At the start of the year, like most of us, I made some resolutions. I even wrote them down to give them a little more impetus. It’s hard to deny something once it is in writing. One of them was to ‘Become a little more politically active, how I am not yet sure.’
I can certainly say that I have achieved this resolution. Since leaving the public sector, where I was in a politically restricted position, I have the luxury of being able to be as political as I like. It is a luxury that many people don’t realise they have and it is a wish of mine that more people were more politically engaged. The lack of understanding of politics, in the main seems pitiful and perhaps this is why we are in such a mess today.
One area in which I was able to work on my resolution was the recent campaign for a new North of Tyne Mayor. Following the agreement to set up a North of Tyne Combined Authority, comprising the areas covered by Newcastle, North Tyneside and Northumberland, a process was coming to elect a mayor.
I was concerned by two things. Firstly, most people I spoke to had no idea what the Mayor would do. Understanding went from none at all to a belief that they would be opening supermarkets and kissing babies. The Mayor would have clear, specific powers that would potentially affect the lives of everyone in the area.
Secondly, in previous mayoral elections the turnout has been dreadful. I have nothing against Ben Houchen, the Tees Valley Mayor but he was elected on a majority of a 21% turnout. In effect he was elected by around 11% of the possible electorate and this is hardly a damning indictment of democracy. If apathy had stood as a candidate it would have got in by a landslide.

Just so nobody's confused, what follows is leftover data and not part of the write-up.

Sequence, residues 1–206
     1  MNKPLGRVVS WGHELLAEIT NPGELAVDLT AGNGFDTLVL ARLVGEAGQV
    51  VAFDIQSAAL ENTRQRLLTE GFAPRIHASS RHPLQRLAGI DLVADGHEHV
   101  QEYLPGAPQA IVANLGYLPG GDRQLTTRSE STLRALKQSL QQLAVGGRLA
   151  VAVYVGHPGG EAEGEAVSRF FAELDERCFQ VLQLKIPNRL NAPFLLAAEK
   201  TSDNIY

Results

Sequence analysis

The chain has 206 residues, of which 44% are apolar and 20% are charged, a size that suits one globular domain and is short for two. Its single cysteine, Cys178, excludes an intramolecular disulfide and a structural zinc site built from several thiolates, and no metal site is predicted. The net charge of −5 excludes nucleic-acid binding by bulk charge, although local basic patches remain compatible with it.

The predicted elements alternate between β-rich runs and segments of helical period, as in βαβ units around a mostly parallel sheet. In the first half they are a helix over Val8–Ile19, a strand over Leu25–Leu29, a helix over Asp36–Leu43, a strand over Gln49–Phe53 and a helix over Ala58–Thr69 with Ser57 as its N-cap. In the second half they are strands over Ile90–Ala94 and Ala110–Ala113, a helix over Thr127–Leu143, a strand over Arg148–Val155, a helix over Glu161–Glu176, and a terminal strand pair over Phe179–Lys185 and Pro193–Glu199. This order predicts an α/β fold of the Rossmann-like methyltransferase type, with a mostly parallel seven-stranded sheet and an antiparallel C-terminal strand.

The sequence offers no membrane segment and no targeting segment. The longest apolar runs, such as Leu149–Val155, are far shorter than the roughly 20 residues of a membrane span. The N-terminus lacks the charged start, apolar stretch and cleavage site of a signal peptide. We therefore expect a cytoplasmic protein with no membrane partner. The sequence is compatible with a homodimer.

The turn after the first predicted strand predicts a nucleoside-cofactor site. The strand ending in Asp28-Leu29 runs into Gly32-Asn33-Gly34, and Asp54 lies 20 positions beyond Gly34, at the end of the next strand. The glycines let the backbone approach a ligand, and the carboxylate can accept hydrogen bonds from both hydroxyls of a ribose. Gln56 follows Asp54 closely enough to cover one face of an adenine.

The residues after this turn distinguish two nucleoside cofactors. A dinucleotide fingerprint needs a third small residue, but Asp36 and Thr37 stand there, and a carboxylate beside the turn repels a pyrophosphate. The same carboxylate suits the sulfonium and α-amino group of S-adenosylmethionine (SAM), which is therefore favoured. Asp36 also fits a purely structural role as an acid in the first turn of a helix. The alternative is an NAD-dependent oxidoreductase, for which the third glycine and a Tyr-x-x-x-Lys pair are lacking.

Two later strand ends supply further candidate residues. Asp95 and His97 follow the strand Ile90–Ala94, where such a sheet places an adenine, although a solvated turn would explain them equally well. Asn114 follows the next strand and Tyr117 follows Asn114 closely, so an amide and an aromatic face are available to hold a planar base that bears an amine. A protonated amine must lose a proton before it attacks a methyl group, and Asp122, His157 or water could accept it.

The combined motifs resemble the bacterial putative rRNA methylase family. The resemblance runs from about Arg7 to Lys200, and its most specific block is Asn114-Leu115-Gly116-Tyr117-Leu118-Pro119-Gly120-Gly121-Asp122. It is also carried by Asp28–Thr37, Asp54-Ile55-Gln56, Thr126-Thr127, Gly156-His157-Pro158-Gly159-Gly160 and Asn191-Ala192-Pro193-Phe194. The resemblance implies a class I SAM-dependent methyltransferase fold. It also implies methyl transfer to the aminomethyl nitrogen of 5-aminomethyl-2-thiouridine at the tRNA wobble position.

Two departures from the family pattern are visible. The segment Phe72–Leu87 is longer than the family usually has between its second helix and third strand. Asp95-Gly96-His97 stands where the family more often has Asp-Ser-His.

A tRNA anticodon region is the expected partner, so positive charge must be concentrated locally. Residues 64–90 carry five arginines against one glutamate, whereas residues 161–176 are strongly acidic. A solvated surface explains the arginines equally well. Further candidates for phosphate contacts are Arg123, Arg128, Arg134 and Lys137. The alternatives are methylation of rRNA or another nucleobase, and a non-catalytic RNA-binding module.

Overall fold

With two friends, James and Steve, we set up our NoT Clear campaign, to raise awareness, improve engagement and allow people to understand and compare the candidate’s policies in the areas they had responsibility for.
Over a month or so up to the election we bombarded social media with information about the candidates, the role and drew people to the website.
What success did we have? We will never know. It is almost impossible to tell the direct outcome of any work that we did. What we can say is that turnout, at 32%, while still poor was significantly higher than any regional mayoral campaign. No doubt these figure were helped by the local elections that were taking place on the same day, though there were none in Northumberland, the largest of the three local authority areas. Turnout there was 27%, again high in comparison with any other regional mayoral campaign.
Whatever happened, we tried. We put in the effort and people took notice. It was also great fun and I would like to thank James and Steve for their support. The website can be found here.
We would also like to thank all the candidates for their part and wish Jamie Driscoll, the first North of Tyne Mayor, every success.